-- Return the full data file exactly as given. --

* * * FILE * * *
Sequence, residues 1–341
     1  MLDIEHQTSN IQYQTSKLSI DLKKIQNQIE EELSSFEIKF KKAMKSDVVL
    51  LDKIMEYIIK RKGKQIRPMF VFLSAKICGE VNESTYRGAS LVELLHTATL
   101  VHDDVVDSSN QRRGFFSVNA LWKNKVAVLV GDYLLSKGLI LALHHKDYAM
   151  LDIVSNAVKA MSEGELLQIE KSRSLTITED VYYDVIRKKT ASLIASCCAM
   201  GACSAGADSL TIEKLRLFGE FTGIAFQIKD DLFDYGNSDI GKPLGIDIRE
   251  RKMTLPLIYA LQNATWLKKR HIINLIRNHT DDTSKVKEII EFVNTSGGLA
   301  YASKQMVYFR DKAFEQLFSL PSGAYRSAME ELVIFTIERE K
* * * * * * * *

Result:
Sequence, residues 1–341
     1  MLDIEHQTSN IQYQTSKLSI DLKKIQNQIE EELSSFEIKF KKAMKSDVVL
    51  LDKIMEYIIK RKGKQIRPMF VFLSAKICGE VNESTYRGAS LVELLHTATL
   101  VHDDVVDSSN QRRGFFSVNA LWKNKVAVLV GDYLLSKGLI LALHHKDYAM
   151  LDIVSNAVKA MSEGELLQIE KSRSLTITED VYYDVIRKKT ASLIASCCAM
   201  GACSAGADSL TIEKLRLFGE FTGIAFQIKD DLFDYGNSDI GKPLGIDIRE
   251  RKMTLPLIYA LQNATWLKKR HIINLIRNHT DDTSKVKEII EFVNTSGGLA
   301  YASKQMVYFR DKAFEQLFSL PSGAYRSAME ELVIFTIERE K